Maps in those days
Cartographic methods before 1850
‘Big, solid work ... readable as well as reliable ... fascinating and beautifully illustrated’, L.R.N. Ashley, Bibliothèque d’Humanisme et Renaissance.
‘This book provides a much-needed overview of the techniques of surveying and mapping employed by Europeans from the sixteenth century until the early twentieth century, when aerial photography revolutionised base mapping … This summa of [Andrews’] rich and extensive knowledge should be read by any scholar interested in using old maps as evidentiary sources, as well as by all map historians … [it] provides a wealth of knowledge that will inform future research … the book should be read by everyone interested in old maps', Matthew H. Edney, EHR (Oct. 2011).
‘Maps in those days, by John Andrews, a former associate professor in the Geography Department at Trinity College Dublin, is an extremely significant volume discussing the history of cartography. The publisher has pulled out all the stops in making this book as visually attractive as possible, with copious maps and illustrations which not only further illuminate the text, but many of which are visual wonders in their own right … for those interested in cartography in general, Maps in those days is a vitally important book, and a must for all reference and research libraries', Brendan Scott, Breifne journal (2009-10).
‘A fascinating and instructive account of the processes involved in the preparation of general maps before the appearance of photographic aids in the mid-nineteenth century … this wide-ranging work, nicely presented as “a mixture of historical narrative and classroom-style exposition”, abounds with details about the development of map making prior to 1850 … Another strength of the book is the nearly 250 maps and illustrations, which are presented in full or half-page black and white reproductions. It is obvious that they were thoughtfully selected to forward the narrative rather than just enhance the book … Maps in Those Days fills a major void in the literature of the history of cartography by providing a single-volume scholarly reference work on the basic map-making processes. It is strongly recommended for anyone interested in cartography and its history', Ralph E. Ehrenberg, Imago Mundi (2011).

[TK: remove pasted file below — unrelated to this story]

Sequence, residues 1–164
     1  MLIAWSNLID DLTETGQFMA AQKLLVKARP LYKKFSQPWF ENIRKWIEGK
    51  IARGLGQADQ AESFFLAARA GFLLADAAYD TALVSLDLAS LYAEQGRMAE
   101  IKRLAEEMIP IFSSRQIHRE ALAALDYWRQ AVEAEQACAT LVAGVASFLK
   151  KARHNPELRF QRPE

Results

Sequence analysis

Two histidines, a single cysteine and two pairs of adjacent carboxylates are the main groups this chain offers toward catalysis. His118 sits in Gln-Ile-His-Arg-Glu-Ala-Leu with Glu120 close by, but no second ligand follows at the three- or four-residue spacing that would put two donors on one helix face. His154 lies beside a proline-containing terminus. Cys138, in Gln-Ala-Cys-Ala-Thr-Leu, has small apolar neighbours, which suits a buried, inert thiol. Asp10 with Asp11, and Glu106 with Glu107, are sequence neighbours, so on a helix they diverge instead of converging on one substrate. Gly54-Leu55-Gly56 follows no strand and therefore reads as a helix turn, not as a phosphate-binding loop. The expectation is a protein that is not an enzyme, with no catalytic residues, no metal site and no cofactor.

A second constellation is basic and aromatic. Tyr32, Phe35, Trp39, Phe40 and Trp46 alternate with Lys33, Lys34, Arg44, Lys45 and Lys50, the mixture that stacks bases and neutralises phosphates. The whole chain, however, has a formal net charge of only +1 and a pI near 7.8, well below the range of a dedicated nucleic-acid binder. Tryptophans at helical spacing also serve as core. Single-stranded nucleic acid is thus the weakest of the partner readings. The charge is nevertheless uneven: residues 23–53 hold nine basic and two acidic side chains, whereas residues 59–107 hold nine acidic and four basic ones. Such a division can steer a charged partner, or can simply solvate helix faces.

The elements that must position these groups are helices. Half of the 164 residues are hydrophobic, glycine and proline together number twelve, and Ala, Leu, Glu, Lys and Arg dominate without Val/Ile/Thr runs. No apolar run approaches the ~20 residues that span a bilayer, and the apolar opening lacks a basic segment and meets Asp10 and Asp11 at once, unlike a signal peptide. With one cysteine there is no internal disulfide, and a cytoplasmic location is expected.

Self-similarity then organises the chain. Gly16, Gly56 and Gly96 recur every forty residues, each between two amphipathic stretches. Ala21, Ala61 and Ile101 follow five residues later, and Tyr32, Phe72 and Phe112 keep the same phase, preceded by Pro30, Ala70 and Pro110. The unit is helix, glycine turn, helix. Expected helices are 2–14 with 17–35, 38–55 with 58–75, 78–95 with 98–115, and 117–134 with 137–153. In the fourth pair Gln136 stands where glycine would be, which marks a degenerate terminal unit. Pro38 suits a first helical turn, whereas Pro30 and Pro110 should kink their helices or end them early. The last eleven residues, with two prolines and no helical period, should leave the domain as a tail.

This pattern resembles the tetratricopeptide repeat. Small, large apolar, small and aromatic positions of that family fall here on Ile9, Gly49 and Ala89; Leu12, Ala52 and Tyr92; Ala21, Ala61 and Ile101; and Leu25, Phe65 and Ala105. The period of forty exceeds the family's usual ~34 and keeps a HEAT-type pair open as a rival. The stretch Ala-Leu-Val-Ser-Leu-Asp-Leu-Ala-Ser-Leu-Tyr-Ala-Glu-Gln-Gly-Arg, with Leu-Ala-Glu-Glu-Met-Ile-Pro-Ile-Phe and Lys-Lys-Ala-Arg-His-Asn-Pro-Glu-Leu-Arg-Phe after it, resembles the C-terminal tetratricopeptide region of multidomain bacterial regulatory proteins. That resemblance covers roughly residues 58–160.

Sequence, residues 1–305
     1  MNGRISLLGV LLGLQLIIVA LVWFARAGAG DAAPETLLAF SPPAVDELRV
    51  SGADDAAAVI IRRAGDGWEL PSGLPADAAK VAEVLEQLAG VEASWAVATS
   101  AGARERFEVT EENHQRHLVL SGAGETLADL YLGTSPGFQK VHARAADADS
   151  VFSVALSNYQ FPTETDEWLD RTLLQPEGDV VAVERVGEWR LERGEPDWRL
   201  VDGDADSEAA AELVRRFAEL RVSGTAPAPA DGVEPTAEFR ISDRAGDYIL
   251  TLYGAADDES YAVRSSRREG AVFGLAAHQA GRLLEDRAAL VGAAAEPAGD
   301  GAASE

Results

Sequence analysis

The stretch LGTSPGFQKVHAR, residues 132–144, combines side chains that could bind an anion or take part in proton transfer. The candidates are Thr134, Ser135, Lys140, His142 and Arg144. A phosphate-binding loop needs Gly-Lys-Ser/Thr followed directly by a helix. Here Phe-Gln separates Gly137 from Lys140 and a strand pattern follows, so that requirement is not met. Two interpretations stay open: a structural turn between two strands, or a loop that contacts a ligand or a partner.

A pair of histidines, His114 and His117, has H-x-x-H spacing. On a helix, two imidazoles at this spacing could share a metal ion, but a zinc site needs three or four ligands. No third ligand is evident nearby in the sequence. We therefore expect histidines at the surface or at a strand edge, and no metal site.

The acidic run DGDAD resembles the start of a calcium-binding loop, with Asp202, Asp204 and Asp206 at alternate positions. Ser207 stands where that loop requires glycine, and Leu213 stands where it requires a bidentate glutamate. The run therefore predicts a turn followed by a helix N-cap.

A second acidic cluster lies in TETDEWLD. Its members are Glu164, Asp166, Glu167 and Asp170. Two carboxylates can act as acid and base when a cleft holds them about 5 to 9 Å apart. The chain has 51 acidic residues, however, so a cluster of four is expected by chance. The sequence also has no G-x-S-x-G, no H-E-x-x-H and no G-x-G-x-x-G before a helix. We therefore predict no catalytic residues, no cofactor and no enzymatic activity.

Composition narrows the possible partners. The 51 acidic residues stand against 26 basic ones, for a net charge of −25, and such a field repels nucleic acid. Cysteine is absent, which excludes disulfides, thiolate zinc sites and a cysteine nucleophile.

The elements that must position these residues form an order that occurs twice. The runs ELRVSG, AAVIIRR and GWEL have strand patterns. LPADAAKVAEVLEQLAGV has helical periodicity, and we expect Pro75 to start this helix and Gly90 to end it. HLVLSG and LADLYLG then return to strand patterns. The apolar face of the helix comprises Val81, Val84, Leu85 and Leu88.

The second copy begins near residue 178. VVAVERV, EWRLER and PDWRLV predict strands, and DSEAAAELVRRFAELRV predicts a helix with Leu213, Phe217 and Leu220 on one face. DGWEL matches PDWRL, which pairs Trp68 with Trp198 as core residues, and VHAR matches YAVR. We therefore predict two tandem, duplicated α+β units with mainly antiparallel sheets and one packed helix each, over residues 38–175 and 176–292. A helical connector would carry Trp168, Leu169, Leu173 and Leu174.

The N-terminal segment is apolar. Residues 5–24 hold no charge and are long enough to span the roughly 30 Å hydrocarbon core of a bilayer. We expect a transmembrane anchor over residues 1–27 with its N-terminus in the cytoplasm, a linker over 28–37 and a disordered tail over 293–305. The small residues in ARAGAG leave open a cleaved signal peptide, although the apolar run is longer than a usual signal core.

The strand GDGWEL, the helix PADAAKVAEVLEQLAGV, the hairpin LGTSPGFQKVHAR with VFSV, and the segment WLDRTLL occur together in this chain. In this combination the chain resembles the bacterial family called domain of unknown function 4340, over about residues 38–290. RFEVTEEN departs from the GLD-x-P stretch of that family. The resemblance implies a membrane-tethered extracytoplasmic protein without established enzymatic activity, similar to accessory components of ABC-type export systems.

‘John Andrews is the authoritative historian of the mapping of Ireland … This year, Andrews has launched two new books. One is his most ambitious yet: the profusely illustrated and exhaustively structured, 580-page Maps in Those Days. Remarkably, considering the burgeoning literature of recent years, it’s the first full study of how maps were constructed before the advent of photography’, Mic Moroney, Irish Arts Review (Summer 2009).
‘This is a magnificent study of maps and map-making (and of course geographical knowledge and discoveries) from earliest times until the mid 19th century, generously illustrated with exceptionally good reproductions … altogether a book that will surely survive as a classic', Books Ireland (September 2009).
‘There is no doubt that Professor Andrews knows his way about when it comes to maps and the collections of old maps held in Ireland and Britain. His vast research experience is mirrored in this massive, well-illustrated volume showing everything you need to know about how maps were made before the invention of photography … there is no denying the passion and learning that imbues [t]his comprehensive compilation', Timothy O'Neill, Books Ireland (December 2009).
‘Maps are power. They are also magic - the paths of adventure, the code to breaking secrets, to understanding a landscape. John Andrews is a practical geographer, but he is also a philosopher possessed of curiosity and imagination. Within the covers of this scholarly volume is mystery defined. It is a history and also a romance. If there is a complete book about cartography as a science and as a specifically European art developing during the Renaissance and Enlightenment, this is it', Eileen Battersby, “The Best Non-Fiction: Eileen Battersby’s Picks of the Year”, Irish Times (December 2009).